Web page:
Let me warn you now that this post will be too long, too gushy and too happy. Because as you know….it was fabulous!!!
But let me rewind a little to Saturday when we left home about midday and drove up to Healdsburg in the Russian River area, the northern stretches of wine country, to the Expo to get my number. The Expo was a delight from start to finish. It was held at the Kendall-Jackson Winery, which was an immediate win. Any expo at a winery is a triumph of organisation in my book. This one was a lovely little expo, a collection of stands in a field at the back of the winery. Smiley teenagers handed me my bib plus a ticket for free wine-tasting. Smiley vendors let my son try on sunglasses. Smiley volunteers gave us free Luna bars. Smiley wine-makers poured me wines to sample. It was just a joy in the sunshine!
From there we made a pit-stop in Healdsburg to get a very late lunch and to check out the start-line and then hot-footed it to our hotel in Santa Rosa, before going out for a very early dinner. We ate with Angela, a Bay Area blogger and a very speedy runner, who gamely volunteered to have dinner with two random strangers off the internet and their random child who immediately (accidentally) tipped so much water over the table that the waiters had to change the tablecloth and she didn’t even flinch. We filled our faces with pasta, talked running and had a good meal before heading back to our respective hotels at a ridiculously early hour! It was so nice to meet Angela – she and this post that she wrote were pretty big motivations to start this blog.
So Sunday dawned…or didn’t ‘dawn’ exactly. It was still pitch black when I woke my sleeping boys (such sweet revenge to wake the Dude after three years of him waking me) and piling them into the car. It was also unexpectedly foggy, deep deep fog. I was so very excited and ready to run. I kept thinking that this was what I’d come here for, this was what I’d trained for. It was time to do it, and I was ready. We drove to Healdsburg, made an emergency pit-stop in McDonald’s and easily found parking a few blocks from the start line. I left my boys assembling the Husband’s bike so they could cycle the course and headed to the start-line, a mass of activity in the damp, foggy darkness. Everyone at this race looked the business…it was a proper runner’s race!
It was at the 9 min mile marker that Jen found me, another Bay Area blogger, celebrating her birthday, and then Angela found us both as well. One of the best things about this race was meeting Jen and Angela – it was such a treat to start the race with friends. We all shuffled down to the start-line, the guy gave us the countdown and we were off. Angela took off like a bat out of hell, Jen and I started a little more slowly. But we were off.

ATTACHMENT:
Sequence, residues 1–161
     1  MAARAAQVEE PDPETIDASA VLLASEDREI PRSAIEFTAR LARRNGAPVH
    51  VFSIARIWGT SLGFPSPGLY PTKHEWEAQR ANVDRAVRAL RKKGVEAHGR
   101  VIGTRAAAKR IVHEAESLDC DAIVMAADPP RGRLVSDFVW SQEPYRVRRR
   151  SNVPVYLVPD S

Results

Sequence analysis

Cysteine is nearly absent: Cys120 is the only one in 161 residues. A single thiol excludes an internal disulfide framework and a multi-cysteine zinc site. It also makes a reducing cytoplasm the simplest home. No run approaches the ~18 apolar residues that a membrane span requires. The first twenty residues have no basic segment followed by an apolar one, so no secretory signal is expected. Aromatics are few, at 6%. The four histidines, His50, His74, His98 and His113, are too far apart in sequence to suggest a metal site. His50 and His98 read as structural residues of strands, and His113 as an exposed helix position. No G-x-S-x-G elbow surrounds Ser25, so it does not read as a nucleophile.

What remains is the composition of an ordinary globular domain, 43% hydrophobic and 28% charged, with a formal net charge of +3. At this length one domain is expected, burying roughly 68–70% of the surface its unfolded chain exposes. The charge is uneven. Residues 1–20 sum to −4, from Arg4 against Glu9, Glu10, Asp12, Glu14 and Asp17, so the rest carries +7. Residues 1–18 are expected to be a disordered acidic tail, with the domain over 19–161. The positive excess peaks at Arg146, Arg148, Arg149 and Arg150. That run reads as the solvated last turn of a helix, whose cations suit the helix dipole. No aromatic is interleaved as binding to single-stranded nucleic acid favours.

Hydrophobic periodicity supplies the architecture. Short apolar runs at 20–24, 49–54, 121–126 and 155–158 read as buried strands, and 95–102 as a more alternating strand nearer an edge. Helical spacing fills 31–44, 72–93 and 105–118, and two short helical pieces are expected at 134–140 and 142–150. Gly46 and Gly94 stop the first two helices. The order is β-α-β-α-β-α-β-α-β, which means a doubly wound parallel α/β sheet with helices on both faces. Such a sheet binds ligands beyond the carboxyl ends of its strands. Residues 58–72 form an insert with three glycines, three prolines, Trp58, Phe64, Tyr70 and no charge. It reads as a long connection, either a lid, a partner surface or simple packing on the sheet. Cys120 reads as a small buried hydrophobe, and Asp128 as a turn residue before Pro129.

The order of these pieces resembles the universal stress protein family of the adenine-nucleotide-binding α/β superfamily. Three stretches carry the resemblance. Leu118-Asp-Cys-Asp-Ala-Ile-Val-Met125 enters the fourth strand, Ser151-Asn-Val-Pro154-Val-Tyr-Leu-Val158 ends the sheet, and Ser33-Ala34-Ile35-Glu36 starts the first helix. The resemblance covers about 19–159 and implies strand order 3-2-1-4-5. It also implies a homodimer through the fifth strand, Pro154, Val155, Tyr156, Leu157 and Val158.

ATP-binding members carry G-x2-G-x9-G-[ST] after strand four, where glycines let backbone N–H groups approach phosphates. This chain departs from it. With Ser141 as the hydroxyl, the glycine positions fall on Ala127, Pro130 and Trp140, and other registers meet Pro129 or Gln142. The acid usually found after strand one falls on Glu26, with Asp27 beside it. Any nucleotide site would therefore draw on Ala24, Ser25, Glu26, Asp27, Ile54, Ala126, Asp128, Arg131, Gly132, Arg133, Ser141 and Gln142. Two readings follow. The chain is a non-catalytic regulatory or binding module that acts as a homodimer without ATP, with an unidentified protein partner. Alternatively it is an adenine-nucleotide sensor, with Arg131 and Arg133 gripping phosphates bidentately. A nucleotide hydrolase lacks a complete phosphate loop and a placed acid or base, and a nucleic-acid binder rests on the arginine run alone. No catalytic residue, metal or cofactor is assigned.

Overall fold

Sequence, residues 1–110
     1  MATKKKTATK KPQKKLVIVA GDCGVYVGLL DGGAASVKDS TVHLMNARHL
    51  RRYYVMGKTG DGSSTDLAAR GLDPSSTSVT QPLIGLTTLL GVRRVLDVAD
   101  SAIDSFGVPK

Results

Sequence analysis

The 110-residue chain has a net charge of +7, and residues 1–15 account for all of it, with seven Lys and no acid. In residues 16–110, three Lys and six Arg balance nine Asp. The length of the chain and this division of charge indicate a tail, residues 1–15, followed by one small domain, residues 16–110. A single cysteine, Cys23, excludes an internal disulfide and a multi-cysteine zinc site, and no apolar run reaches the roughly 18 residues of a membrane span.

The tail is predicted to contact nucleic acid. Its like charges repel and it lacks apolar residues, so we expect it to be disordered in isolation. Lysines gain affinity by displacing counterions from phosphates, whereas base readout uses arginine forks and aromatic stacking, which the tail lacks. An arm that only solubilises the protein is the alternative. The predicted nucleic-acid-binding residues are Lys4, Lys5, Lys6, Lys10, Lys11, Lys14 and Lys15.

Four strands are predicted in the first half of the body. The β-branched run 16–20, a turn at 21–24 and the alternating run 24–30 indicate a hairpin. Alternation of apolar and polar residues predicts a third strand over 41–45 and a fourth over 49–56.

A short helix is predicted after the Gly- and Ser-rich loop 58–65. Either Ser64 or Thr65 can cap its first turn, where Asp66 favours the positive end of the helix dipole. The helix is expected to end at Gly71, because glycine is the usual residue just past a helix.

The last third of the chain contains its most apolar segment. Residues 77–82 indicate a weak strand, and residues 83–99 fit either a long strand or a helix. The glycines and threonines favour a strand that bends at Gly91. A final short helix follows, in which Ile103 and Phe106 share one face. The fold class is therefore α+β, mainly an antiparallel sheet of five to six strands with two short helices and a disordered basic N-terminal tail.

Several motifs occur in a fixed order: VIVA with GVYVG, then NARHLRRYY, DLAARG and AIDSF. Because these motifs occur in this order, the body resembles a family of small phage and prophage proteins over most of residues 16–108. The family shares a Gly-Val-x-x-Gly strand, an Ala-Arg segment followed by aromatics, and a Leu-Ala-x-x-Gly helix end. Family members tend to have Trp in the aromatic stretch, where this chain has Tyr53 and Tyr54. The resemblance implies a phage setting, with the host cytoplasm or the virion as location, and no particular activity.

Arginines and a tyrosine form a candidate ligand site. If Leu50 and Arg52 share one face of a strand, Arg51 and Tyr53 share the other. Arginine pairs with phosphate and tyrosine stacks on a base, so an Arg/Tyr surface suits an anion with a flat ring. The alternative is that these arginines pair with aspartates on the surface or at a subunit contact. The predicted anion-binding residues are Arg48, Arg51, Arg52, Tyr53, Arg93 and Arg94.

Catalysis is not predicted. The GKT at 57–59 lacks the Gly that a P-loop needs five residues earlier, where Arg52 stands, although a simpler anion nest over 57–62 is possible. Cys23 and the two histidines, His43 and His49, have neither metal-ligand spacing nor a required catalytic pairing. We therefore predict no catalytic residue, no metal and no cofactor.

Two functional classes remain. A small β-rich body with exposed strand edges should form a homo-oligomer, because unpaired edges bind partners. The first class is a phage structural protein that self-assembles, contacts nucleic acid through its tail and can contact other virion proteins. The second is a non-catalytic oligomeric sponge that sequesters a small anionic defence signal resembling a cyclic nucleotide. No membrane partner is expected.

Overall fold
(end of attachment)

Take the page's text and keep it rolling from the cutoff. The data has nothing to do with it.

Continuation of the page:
We lost each other quickly. Despite my good intentions, I started waaay too fast. The adrenaline was rushing and I just followed the crowd. The music was loud in my ears and I just ran and ran. (Did you know that in ‘Hung Up’, Madonna sings ‘Those who run seem to have all the fun’? I had no idea. Yes Madge, they do.) My Nike data is inaccurate (more on that later) but I ran the first mile in about 8.30. I knew that was a bad move but just thought ‘whatever’ and ran on.
The course was fantastic the whole way. It was very accurately described as ‘rolling’. Little ups and little downs. I knew that those little ups would take their toll on my legs sooner or later so tried to be careful but also took advantage of the downhills. I know I can run downhill well so I let a little loose on the downhills and tried to make up some time. Mile two seemed to be very downhill and I just let myself fly. I had a pace-band on my wrist to get me home at 1.59 and by the end of mile two I was two minutes ahead of my goal, so I thought that if I could hold a steady pace for the rest of the race, I should be able to do it.
It was at mile 4 that the Husband and the Dude found me, cycling slowly past. I yelled, they turned and saw me. It was such a lovely moment…the Dude shouted ‘Go faster, Mummy’ and everyone around us laughed. From then on, they leap-frogged me. They would go ahead, stop and cheer till I passed them and then cycle ahead. I knew that was their plan and secretly wondered if it would become annoying but it honestly wasn’t. They ended up stopping at each mile marker and it was so exciting to see them.